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11 thoughts on “What Makes an Evangelical? Reconsidering Bebbington’s Rule

  1. Granted, Evangelical churches are anti-intellectual to the point that “Evangelical scholarship” is a contradiction in terms; an oxymoron.

    Still however, even just the simple focus on Jesus Christ himself, as a personality – a compelling, mild personality, an example of humility – might have some usefulness. Especially among people naturally inclined to be bullies.

    • Joe (or should I say Griffin?), even though many evangelical churches may lack vision for the life of the mind I don’t agree that evangelical scholarship is an oxymoron, nor do I agree that Jesus was a mild personality. If he was so “mild” why did everyone mistake him for Elijah.

  2. The church I grew up in did indeed have this curious attitude towards “theology”. They thought of it as what liberals did while conservatives (ie, Christians) just read their Bibles. Bebbingington’s analogy of doctrine to weapons hits home. In my pursuit of engaging pastors and lay leaders of my church on grappling with some of the weak spots of our (west coast conservative Baptist) tradition, I’m usually met with open mindedness as long as the points can be made with immediate reference to a managible portion of scripture; discussion of the post biblical development of doctrine and spirituality is usually met, not with hostility, but that fatigued look a high school student gets when they realize they didn’t read the book they were supposed to. I think the assumption is that our relationship with God through Christ is nurtured through prayer and devotional readings of scripture; study of theology might even be a dangerous distraction from this more important task. I encountered this attitude big time at the Pentecostal college I went to and even a tiny bit at Fuller Seminary.

    A theology that can succinctly and powerfully demonstrate its profitability to the church and internal, faithful relation to scripture, which invites further study and reflection without establishing any elitist boundaries, I believe and hope would be welcomed in the church I’ve grown up in and continue in.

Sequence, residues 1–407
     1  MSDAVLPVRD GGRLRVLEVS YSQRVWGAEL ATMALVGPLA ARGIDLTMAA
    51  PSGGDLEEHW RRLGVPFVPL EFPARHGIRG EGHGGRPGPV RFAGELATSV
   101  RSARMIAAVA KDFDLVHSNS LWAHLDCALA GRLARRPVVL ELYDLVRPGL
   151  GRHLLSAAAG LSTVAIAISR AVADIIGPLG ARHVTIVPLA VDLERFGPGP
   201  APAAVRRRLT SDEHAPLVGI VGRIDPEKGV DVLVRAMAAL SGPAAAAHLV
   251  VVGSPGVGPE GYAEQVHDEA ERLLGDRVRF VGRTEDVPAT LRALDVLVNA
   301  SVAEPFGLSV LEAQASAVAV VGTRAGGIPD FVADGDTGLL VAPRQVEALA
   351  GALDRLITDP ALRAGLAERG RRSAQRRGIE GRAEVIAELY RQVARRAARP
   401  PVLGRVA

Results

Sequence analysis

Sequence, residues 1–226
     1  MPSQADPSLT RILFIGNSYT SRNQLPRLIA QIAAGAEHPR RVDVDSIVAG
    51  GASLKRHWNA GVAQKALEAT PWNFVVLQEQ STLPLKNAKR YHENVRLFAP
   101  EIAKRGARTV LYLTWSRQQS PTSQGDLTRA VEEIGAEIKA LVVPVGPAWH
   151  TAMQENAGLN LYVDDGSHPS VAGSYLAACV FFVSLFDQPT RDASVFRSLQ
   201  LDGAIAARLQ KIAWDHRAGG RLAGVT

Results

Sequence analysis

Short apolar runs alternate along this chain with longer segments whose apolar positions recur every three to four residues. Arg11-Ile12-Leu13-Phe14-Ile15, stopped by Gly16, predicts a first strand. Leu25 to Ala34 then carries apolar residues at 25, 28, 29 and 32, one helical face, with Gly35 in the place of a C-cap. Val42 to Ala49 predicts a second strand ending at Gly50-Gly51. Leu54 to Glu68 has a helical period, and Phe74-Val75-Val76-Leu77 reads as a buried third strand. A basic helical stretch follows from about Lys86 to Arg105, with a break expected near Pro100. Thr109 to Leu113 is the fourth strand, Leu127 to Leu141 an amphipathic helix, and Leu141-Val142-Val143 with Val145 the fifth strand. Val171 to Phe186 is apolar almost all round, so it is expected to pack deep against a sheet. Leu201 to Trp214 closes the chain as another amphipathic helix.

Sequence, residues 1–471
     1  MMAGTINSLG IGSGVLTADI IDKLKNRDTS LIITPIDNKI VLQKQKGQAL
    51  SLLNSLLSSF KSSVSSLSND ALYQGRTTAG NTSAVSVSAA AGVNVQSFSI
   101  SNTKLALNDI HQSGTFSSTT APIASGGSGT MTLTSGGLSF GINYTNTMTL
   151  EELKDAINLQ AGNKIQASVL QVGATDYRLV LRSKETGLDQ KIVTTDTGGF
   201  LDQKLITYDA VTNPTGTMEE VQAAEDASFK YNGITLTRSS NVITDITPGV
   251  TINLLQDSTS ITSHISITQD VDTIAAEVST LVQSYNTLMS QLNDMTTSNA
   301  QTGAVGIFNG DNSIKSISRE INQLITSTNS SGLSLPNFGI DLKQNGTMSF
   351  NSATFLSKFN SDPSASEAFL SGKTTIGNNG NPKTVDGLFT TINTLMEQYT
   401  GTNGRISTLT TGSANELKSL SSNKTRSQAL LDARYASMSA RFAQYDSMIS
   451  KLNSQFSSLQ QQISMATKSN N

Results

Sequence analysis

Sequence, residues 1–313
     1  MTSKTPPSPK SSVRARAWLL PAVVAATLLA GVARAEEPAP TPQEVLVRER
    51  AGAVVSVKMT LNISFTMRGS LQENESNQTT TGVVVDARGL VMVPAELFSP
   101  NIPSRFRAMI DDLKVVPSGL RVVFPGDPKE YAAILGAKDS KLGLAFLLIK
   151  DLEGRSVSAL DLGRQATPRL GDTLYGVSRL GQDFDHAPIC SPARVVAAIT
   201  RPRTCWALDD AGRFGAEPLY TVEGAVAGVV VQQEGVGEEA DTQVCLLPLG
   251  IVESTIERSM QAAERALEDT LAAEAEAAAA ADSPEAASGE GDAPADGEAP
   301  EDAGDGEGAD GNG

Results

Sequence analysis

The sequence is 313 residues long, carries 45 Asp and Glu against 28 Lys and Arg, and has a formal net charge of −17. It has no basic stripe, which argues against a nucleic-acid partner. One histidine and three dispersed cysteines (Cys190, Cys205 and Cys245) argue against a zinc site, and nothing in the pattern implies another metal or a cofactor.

• Adam, my experience in a fair number of conservative, evangelical churches mirrors yours. I agree that our ability to articulate its “profitability” is important, but I worry that too much talk of “profitability” tends toward what has been a long-time characteristic of evangelical Christianity going all the way back to Whitefield: pragmatism. I am more inclined toward a model of theological education in which the study of God is cast as ‘life with God’, what the patristic age considered “sapience”. Ellen Charry says it well: “Sapience includes correct information about God but emphasizes attachment to that knowledge. Sapience is engaged knowledge that emotionally connects the knower to the known.” (By the Renewing of Your Minds, p.4).

      Quite honestly I think the problem has less to do with a “head/heart” divide than a fundamentally misguided concept of what “knowledge” entails (which leads to what we often call a head/heart disjunction).

      What are your thoughts on this?

      • I find the definition of sapience to be helpful. I agree that our concepts of knowledge are misguided. We seem to think that knowledge and ideas exist independent of minds. I am not so convinced.

        More than that we do not seem to make a connection between what we know (knowledge) and the act of knowing (means by which we come to have that knowledge). The path to knowing is also a form of knowledge and is an experience which either leads towards emotional attachment or away from emotional attachment.